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soning; and particularly that great objection, in which the modern writers have so much gloried, so long triumphed, with so great a degree of insult towards the most excellent divines, and in effect against the gospel of Jesus Christ:-viz. That the Calvinistic notions of God's moral government are contrary to the common sense of mankind. In this essay, I propose to take particular notice of the writings of Dr. Whitby, and Mr. Chubb, and the writings of some others, who, though not properly Pelagians, nor Arminians, yet, in their notions of the freedom of the will, have, in the main, gone into the same scheme. But, if I live to prosecute my design, I shall send you a more particular account of my plan, after it is perfected.
suppose there has been a trial before now, whether a national collection can be obtained in Scotland, for New-Jersey College: unless it has been thought prudent, by such as are friends of the affair, to put it off a year longer; as some things I have seen, seem to argue. There was a design of Mr. Pemberton's going to England and Scotland. He was desired by the Trustees, and it was his settled purpose, to have gone the last year; but his people, and his colleague, Mr. Cummings, hindered it. His intention of going occasioned great uneasiness among his people, and created some dissatisfaction towards him, in the minds of some of them. Since that, President Burr has been desired to go, by the unanimous voice of the Trustees. Nevertheless, I believe there is little probability of his consenting to it; partly, on the account of his having lately entered into a married state. On the 29th of last month, he was married to my third daughter.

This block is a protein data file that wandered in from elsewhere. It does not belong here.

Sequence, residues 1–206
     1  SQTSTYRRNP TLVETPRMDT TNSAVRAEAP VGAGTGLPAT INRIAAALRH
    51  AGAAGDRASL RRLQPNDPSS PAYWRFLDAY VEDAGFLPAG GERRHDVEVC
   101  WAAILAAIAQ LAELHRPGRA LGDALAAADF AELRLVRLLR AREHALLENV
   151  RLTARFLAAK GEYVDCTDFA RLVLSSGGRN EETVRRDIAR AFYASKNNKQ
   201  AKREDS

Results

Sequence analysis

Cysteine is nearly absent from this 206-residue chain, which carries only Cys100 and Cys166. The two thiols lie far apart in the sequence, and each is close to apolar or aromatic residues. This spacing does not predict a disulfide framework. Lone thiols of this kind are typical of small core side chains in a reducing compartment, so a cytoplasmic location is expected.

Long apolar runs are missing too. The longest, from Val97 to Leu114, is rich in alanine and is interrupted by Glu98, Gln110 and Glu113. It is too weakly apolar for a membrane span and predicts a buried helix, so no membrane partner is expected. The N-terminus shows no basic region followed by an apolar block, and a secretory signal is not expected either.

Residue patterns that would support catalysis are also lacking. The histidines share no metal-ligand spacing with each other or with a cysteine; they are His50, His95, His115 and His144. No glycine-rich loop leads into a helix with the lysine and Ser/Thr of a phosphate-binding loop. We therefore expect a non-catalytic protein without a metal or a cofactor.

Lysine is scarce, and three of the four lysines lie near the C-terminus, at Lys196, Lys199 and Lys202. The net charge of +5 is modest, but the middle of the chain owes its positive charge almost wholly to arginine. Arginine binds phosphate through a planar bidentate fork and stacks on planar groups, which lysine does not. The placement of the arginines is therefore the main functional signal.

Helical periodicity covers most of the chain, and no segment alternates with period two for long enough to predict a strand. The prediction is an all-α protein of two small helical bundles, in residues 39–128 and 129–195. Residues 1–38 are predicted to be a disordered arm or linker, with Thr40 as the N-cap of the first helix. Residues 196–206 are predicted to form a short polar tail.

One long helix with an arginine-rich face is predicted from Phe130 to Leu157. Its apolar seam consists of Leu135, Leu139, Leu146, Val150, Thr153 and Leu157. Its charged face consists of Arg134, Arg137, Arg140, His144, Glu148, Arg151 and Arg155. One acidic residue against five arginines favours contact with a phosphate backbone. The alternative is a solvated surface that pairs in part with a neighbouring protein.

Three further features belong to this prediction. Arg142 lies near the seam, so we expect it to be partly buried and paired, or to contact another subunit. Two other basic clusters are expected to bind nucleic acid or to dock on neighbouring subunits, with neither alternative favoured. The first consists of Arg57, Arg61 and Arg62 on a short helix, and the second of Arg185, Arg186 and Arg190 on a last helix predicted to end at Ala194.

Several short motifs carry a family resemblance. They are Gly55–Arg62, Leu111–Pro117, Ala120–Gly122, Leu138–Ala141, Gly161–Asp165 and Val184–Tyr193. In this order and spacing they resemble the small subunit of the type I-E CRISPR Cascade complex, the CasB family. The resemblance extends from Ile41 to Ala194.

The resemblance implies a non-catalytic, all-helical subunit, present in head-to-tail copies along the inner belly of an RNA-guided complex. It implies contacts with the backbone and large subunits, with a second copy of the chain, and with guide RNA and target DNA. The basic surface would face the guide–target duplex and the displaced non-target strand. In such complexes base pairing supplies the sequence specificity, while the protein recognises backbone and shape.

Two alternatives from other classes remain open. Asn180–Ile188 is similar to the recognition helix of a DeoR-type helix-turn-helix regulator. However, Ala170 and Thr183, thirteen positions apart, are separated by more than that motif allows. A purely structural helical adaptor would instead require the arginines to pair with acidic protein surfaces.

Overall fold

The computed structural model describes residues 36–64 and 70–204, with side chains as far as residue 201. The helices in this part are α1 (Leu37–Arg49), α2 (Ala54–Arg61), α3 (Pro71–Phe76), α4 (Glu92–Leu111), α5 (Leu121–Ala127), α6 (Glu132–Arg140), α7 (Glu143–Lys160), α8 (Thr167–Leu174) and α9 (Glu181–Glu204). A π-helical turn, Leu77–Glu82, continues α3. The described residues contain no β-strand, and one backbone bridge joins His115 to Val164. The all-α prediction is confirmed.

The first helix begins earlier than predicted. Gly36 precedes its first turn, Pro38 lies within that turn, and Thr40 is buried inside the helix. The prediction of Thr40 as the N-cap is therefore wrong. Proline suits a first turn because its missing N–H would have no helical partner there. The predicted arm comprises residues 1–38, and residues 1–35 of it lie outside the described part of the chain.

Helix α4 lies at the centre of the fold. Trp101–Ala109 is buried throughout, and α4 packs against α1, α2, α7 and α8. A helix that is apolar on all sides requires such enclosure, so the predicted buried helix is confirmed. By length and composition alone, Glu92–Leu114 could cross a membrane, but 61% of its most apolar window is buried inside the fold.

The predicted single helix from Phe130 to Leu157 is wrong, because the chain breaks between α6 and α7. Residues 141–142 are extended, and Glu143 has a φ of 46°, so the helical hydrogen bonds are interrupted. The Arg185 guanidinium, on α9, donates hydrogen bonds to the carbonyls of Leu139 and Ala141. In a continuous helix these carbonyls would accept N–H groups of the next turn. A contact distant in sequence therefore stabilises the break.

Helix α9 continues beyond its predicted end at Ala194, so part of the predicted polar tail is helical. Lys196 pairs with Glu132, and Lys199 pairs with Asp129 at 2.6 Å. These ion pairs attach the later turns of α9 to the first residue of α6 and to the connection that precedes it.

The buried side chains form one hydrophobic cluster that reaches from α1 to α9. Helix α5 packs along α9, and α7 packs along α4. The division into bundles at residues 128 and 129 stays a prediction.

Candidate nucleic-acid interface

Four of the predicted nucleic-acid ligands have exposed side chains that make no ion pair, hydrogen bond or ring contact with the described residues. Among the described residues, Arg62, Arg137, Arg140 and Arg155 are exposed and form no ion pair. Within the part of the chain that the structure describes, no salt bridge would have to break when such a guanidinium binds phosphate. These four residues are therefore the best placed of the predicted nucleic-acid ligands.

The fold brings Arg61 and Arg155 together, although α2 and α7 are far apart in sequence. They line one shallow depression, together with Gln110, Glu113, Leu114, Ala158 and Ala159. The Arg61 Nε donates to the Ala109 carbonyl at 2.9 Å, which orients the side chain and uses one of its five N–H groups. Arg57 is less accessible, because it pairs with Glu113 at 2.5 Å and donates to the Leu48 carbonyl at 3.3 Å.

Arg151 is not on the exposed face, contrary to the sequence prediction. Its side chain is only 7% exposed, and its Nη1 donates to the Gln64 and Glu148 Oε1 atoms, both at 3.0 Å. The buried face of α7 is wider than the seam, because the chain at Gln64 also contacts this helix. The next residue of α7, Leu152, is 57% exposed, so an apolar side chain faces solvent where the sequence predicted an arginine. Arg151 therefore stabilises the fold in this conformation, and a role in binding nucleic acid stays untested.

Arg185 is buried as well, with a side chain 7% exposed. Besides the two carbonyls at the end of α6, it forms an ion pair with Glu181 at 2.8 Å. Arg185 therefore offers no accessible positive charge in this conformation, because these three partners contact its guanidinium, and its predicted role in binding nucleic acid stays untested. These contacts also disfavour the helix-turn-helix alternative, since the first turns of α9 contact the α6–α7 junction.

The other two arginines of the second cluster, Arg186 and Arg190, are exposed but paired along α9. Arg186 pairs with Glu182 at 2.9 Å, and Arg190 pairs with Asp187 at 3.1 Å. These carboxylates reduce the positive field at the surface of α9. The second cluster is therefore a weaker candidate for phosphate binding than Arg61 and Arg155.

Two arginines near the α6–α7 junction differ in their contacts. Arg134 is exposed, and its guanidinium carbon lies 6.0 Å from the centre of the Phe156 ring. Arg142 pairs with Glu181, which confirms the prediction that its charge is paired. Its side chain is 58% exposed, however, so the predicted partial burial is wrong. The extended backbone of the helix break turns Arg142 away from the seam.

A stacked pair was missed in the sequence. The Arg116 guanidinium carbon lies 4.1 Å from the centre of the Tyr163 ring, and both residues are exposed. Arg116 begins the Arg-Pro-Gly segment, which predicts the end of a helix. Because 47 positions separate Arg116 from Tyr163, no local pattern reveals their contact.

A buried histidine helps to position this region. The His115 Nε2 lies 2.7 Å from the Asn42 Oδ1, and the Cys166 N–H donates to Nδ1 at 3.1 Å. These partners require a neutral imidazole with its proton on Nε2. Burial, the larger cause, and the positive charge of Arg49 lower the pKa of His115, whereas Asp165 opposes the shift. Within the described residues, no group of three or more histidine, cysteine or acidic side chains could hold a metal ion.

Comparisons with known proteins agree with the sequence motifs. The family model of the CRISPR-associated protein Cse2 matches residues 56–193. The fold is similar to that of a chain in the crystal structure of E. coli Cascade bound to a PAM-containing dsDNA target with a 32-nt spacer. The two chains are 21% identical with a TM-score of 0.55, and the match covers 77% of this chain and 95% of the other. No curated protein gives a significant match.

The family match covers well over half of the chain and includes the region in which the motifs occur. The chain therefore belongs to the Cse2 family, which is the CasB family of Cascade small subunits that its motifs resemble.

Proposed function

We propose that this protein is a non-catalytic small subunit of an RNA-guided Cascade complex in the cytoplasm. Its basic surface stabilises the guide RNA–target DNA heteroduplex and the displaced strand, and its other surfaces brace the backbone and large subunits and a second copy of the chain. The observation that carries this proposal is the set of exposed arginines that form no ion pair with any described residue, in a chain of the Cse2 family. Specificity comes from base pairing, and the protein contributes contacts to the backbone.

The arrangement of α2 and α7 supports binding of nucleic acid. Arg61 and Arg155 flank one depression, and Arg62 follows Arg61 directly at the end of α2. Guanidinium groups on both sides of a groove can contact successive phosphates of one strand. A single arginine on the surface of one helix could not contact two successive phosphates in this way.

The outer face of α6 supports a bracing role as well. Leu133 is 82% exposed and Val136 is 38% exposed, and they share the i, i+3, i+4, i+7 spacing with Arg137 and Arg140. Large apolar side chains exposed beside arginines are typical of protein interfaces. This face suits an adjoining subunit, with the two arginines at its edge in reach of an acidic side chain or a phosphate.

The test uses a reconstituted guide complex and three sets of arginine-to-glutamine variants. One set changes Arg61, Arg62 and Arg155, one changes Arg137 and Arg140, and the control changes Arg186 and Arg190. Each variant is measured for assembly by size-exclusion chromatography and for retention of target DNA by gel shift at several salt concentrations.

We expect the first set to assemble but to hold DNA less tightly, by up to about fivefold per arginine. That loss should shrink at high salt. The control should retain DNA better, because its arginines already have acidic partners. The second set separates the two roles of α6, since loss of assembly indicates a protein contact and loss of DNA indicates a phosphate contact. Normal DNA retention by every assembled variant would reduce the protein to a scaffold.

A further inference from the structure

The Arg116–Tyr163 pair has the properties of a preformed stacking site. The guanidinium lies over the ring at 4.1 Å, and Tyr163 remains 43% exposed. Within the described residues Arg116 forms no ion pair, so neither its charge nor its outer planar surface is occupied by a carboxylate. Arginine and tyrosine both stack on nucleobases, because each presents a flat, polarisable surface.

"What you write of the appointment of a gentleman, to the office of Lieut. Governour, of Virginia, who is a friend of religion, is an event, that the friends of religion in America have great reason to rejoice in; by reason of the late revival of religion in that province, and the opposition that has been made against it, and the great endeavours to crush it, by many of the chief men of the province. Mr. Davies, in a letter I lately received from him, dated March 2, '52, mentions the same thing. His words 66 are, we have a new Governour; who is a candid, condescending gentleman. And, as he has been educated in the church of Scotland, he has a respect for the Presbyterians; which I hope is a happy omen." I was in the latter part of the last summer, applied to, with much earnestness and importunity, by some of the people of Virginia, to come and settle among them, in the work of the ministry; who subscribed handsomely for my encouragement and support, and sent a messenger to me with their request and subscriptions; but I was installed at Stockbridge, before the messenger came. I have written some account of the state of things, at Stockbridge, to Mr. McLaurin; which you doubtless will have opportunity to see.
"July 24. The people of Northampton are still destitute of a